Black people expect to be loved. A couple days ago I was standing in a cashier line at a neighborhood grocery. A man ahead of me lamented to the cashier that whites were trickling in to the majority black West End section of Atlanta. He found their perceived behavior toward him and other blacks disturbing. “They look at us as if to say, ‘Why are you here?'” The cashier responded, “Well, they can’t make you move?”
The cashier is right in that blacks cannot be forced to move, but the reality of the economy is that more blacks in West End may have to as Atlanta’s political economy continues to experience demographic shifts. More whites are moving to the Atlanta metropolitan area and the core city can no longer be referred to as “Chocolate City.” It is increasingly mocha, strawberry, and vanilla.
To the gentleman who was line with me, he probably perceives that whites have a distaste for dark chocolate. To some white palates the taste of chocolate is bitter and for many blacks this signals a race problem. If, as a black person, I am not accepted by whites, then there is a national problem with race. I don’t think so. Rather, I argue that white society’s attitude towards blacks is in keeping with their expectations as to how the American political economy is supposed to work. Black expectations as to being accepted and loved holds no water because blacks were never a part of the American political economy’s marketing plan from the beginning.
Citing data from the Federal Reserve, The Washington Post reported last October that one in seven whites in America had a net worth of one million dollars versus one in fifty black Americans enjoying the same status. What is more telling is that the percentage of white households enjoying this status has doubled over the last 25 years while the percentage of black households worth at least a million has remained stagnant during this same period.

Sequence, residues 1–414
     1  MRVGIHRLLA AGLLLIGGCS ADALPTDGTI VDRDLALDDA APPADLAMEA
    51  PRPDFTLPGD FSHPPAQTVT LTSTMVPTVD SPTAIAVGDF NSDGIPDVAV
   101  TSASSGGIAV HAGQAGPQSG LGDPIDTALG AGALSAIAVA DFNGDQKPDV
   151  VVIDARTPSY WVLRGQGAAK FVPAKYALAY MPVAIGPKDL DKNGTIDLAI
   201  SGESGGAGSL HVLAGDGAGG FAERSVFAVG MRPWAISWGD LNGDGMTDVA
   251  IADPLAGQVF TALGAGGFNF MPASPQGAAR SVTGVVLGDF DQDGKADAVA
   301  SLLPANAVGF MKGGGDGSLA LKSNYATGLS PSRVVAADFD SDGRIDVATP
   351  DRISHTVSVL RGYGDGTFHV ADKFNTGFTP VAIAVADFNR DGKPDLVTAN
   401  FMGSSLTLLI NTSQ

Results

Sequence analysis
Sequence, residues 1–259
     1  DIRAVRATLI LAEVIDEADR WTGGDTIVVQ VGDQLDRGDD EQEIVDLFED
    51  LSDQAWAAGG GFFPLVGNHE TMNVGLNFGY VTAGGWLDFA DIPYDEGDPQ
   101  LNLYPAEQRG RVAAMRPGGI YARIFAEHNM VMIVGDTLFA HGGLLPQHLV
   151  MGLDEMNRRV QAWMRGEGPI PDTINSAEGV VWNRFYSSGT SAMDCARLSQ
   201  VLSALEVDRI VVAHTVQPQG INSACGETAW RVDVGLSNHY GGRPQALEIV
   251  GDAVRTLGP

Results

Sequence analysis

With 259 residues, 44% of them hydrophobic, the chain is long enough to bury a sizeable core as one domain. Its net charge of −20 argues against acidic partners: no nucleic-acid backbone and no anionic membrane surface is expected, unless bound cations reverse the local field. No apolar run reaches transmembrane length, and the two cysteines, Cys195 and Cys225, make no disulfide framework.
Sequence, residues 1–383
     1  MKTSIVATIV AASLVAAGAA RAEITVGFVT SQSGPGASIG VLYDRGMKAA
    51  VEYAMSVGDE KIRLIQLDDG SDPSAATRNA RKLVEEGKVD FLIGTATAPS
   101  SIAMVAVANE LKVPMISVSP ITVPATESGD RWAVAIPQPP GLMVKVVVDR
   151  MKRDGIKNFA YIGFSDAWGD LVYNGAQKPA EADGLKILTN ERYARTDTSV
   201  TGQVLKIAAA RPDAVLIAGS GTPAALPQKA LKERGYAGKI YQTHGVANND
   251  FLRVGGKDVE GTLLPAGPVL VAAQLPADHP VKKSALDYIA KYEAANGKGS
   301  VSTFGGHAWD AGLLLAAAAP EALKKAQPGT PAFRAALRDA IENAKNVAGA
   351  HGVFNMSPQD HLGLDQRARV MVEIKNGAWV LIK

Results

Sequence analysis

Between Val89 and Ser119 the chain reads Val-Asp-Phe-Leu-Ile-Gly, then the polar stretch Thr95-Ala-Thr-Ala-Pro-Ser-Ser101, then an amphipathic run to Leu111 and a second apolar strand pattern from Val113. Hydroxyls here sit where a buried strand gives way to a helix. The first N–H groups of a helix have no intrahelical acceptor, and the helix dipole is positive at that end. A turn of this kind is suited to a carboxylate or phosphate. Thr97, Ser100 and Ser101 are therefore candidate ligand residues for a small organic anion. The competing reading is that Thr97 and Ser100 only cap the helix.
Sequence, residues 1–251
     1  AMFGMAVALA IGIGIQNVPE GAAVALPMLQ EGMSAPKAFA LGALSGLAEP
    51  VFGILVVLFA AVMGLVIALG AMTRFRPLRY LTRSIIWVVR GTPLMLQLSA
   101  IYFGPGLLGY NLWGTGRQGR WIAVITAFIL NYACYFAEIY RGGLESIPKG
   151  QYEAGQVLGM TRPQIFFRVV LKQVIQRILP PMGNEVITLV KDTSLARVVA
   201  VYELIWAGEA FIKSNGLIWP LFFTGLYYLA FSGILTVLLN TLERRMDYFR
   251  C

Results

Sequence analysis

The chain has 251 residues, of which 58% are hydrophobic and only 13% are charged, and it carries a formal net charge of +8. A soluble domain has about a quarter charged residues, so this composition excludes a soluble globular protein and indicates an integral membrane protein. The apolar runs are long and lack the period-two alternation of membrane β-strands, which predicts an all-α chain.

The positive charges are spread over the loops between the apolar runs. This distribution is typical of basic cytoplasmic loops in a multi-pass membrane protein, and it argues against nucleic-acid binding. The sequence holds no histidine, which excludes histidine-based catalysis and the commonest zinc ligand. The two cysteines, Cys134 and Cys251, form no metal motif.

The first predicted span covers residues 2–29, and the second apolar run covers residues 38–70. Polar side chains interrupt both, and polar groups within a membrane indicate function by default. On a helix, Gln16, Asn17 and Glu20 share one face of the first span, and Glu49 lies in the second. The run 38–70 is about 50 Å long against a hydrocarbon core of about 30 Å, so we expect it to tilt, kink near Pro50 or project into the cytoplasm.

I wouldn’t expect many whites to be shocked at this number. They will be the first to tell you that this is a result of hard work and discipline mixed in with a little luck. They and their ancestors took the opportunity provided them in this land to increase their wealth and income. Blacks, they might argue, did not.
And these expectations and attitudes are reinforced by real social networks. Citing research from the Public Religion Research Institute, The Washington Post reported that out of 100 friends, the average white person will have 91 white friends and one black friend. Blacks are a bit more friendlier. Out of 100 friends, 83 are black and eight are white.
Blacks, in my opinion, expect the creed as expressed in either the airy words of Thomas Jefferson’s Declaration of Independence or Dr Martin Luther King’s “I Have a Dream” speech to be lived up to, especially in the 21st century where the United States has elected a president of East African descent and descendants of slaves imported from West Africa now have multi-million dollar sport contracts and hundreds of vice-presidents in corporate human resources departments driving a BMW or a Mercedes Benz.
But even with the lofty speeches and the one-zee, two-zees of Black material success, full incorporation into the American political economy has not occurred and won’t because an invitation was never issued to blacks. For whites, race is not a problem not only because they don’t see race as they have done a good job creating an exclusive bubble but because the liquor flowing from the open bar that was promised to them is still flowing their way. The social contract between whites and the American political economy is still being honored.
Blacks should expect no real love ….